The Health of Nations
April 9, 2015
March 9, 2015 – A review has been published in The Lancet today.
The Health of Nations
Prevention of infectious diseases and other global health threats will rely on tackling poverty, a senior researcher argues. Peter Ranscombe reports.
Tackling poverty in developing countries is the key to fighting infectious diseases and other threats to global health, according to Professor Peter Boyle, President of the International Prevention Research Institute (IPRI) in Lyon, France. In a wide-ranging lecture given on March 5, 2015, at the University of Strathclyde, Glasgow, UK, Boyle laid bare the disparities between public health in high-income and low-income countries, highlighting that the most prevalent causes of death in developed countries are heart disease, stroke, and cancer compared with lower respiratory tract infections, HIV/AIDS, and diarrhoea in developing countries.
“The way to tackle these problems is prevention”, said Boyle. “We need to develop the political will to tackle these problems and then the money to do it will follow.”
Throughout his lecture, Boyle highlighted the problems that are caused by an absence of basic water and sewage systems in low-income countries, explaining that 1 billion people live without clean drinking water and 2 billion do not have access to sanitation. He said that the issues caused by a shortage of water and sanitation were exacerbated by the fact that 1 billion people were hungry, on top of the 1 billion who were starving, according to figures from the development charity, Oxfam. The situation has not been helped by the basket of costs monitored by the United Nations’ Food and Agriculture Organization food prices index more than doubling since 2000.
“Poverty is the major cause of death worldwide and it is worse in 2015 than it was 10 years ago or 20 years ago”, Boyle said. “It is down to people like us [in high-income countries] to do something about it.”
Boyle, who was born and trained as a medical researcher in Glasgow, but who has spent most of his career working abroad, took as the title for his lecture “Inquiry into the nature and causes of the health of nations”, a play on the name of the most famous work by Scottish economist Adam Smith, The Wealth of Nations. With examples from his homeland, Boyle showed how engineering infrastructure, such as piped drinking water and sewage, had a major effect on public health.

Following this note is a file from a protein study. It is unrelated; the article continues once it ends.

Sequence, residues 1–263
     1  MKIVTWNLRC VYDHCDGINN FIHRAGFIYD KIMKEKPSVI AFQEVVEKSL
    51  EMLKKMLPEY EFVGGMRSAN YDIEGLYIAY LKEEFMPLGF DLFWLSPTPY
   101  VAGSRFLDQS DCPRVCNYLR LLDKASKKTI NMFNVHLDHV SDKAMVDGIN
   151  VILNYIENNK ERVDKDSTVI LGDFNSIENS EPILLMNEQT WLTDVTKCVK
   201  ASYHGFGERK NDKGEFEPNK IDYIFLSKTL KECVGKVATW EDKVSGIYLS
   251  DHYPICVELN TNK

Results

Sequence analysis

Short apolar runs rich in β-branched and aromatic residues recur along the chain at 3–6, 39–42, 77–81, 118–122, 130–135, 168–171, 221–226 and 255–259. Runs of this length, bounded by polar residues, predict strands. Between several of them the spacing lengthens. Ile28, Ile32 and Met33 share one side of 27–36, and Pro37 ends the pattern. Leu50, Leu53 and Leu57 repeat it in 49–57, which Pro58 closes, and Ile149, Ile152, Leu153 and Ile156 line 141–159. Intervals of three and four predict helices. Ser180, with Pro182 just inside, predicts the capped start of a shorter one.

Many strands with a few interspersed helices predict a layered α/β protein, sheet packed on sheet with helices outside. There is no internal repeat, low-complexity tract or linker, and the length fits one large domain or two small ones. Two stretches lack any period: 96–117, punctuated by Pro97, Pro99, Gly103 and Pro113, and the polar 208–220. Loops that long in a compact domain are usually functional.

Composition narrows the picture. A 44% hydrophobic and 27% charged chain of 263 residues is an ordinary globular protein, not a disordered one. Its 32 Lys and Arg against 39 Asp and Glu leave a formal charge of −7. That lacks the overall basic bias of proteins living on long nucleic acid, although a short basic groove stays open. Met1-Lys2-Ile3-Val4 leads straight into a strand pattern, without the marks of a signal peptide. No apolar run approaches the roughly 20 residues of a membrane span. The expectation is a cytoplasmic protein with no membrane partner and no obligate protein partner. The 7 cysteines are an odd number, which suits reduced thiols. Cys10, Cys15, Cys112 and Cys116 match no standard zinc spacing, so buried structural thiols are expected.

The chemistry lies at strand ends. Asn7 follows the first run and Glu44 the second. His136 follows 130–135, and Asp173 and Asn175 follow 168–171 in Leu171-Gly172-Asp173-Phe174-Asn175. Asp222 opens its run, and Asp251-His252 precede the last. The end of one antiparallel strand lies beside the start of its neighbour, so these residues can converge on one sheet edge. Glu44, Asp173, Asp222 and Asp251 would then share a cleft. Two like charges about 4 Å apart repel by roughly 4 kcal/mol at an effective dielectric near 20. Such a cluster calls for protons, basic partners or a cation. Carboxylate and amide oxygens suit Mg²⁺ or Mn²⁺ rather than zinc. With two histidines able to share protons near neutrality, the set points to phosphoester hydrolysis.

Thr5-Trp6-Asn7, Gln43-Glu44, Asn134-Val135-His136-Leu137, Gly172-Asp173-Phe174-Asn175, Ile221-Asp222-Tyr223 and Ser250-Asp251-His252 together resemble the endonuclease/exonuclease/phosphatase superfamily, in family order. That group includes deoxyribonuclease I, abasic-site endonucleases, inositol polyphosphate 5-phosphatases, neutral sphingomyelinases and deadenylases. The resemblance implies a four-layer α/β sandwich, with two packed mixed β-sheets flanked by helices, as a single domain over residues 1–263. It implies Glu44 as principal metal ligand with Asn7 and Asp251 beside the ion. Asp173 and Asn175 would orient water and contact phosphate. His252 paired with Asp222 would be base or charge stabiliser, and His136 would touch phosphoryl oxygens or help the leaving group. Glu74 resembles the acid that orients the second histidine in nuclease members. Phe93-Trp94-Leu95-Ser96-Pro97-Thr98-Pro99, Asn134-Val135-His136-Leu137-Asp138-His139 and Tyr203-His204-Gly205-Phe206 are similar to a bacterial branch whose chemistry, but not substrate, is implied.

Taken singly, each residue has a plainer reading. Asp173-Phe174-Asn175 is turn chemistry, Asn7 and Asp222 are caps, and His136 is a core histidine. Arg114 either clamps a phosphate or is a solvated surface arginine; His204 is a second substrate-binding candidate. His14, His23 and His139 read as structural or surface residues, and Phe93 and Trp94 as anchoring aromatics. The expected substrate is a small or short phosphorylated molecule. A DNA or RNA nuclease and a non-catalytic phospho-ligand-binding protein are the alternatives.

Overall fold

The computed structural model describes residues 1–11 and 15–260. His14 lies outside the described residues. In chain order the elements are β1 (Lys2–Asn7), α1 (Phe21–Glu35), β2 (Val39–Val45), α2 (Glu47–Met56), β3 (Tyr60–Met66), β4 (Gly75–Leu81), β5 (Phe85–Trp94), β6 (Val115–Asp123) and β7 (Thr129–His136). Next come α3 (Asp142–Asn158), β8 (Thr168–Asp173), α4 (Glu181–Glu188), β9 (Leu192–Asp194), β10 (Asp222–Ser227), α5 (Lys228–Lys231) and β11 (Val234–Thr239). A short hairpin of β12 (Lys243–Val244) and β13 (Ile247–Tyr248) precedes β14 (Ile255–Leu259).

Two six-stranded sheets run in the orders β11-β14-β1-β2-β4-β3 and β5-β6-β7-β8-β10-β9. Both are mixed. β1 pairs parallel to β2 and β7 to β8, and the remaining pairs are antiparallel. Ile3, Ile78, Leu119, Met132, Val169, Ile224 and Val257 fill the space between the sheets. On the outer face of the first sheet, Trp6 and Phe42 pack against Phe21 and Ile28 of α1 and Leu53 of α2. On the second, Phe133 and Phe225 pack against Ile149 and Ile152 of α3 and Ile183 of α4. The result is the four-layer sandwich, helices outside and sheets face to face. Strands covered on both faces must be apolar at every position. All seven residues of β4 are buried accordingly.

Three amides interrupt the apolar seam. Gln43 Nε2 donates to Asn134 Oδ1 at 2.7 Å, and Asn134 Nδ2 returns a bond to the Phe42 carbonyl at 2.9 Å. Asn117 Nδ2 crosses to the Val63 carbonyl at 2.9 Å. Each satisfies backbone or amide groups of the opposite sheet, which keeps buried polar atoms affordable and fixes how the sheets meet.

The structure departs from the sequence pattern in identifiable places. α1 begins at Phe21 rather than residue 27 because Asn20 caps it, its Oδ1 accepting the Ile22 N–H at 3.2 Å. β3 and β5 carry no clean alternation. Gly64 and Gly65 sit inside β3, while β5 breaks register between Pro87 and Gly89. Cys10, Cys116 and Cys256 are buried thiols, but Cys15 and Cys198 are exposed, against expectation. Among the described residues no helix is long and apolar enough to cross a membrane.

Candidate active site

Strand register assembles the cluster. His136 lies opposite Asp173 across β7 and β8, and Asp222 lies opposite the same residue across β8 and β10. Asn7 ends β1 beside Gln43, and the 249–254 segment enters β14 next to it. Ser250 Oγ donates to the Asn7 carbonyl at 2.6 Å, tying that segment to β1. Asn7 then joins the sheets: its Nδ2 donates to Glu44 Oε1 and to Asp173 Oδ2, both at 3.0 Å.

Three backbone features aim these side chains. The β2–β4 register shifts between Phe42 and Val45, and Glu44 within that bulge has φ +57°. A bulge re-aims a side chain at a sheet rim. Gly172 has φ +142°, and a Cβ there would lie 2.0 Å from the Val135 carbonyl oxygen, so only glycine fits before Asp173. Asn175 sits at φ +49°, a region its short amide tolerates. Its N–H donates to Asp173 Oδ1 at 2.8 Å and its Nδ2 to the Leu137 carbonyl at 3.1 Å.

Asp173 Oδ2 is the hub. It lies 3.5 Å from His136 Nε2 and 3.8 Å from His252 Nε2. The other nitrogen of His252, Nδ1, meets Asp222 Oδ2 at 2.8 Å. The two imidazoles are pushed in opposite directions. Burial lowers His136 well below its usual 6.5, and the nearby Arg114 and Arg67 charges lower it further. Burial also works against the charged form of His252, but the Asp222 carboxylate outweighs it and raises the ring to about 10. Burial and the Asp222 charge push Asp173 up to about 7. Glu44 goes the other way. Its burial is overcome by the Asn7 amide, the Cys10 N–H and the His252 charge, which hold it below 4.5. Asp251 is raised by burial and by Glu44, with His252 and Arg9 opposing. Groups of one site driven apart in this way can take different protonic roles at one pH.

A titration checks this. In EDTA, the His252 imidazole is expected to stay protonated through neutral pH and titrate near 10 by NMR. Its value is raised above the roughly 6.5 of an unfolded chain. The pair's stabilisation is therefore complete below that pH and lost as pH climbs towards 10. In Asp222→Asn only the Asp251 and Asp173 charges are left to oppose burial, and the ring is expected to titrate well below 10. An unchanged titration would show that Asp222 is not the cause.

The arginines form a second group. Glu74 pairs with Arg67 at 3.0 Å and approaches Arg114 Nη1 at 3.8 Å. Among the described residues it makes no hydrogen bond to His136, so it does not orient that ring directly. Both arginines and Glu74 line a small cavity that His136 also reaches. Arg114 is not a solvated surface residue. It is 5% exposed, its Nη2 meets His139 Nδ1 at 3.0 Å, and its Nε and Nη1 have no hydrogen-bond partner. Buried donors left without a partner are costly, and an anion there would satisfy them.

He pointed to the 1838 Poor Law Commission as the starting point for reform in the UK and highlighted landmarks including the 1848 and 1875 Public Health Acts in England and Wales. Deaths from tuberculosis in England and Wales dropped from 2901 per year during 1848–54 to just 13 in 1971, Boyle said, while deaths from bronchitis and influenza decreased from 970 per year to zero.
With a chart that plotted the rise in life expectancy in England and Wales from 1800 to the present day, Boyle showed at which point in time other countries have reached the same position, with life expectancy in France equalling the 80 years seen in the UK, but a life expectancy of just 35 years in Zimbabwe equating to where England and Wales were in 1800. As well as drawing attention to global health inequalities, Boyle also noted differences within the UK by using a figure from the Greater Glasgow and Clyde National Health Service Board to show that life expectancy in the village of Lenzie in East Dunbartonshire is 82 years, falling to 54 years for Calton in Glasgow city’s East End. On his chart, the figure put Calton on a par with Equatorial Guinea and Tanzania, or England and Wales in 1870.
One of the most striking images Boyle used to support his talk was of a family from central Africa, which consisted of a grandmother surrounded by her grandchildren—their parents had all died from HIV/AIDS. In Kenya, Kaposi’s sarcoma (a type of cancer common in patients whose immune systems have been weakened by HIV/AIDS) are ten-times more prevalent than the second most-common cancer, non-Hodgkin lymphoma. Boyle said, “it’s really bad to have cancer and it’s worse if you are poor”.
Using examples from the University of Strathclyde, Boyle presented some of the ways in which the absence of water and sanitation is being tackled, including projects in Gambia, Malawi, and Sri Lanka. In 2013, the IPRI launched a collaboration with the university to create the Strathclyde Institute for Global Public Health, which now runs a 2-year-long Master of Science course in global public health.
Boyle’s lecture was one of the first to be delivered in the £90 million Technology & Innovation Centre, which aims to turn fundamental research into useful applications in areas including high-value manufacturing and engineering, low-carbon power and energy systems, and continuous pharmaceutical manufacturing.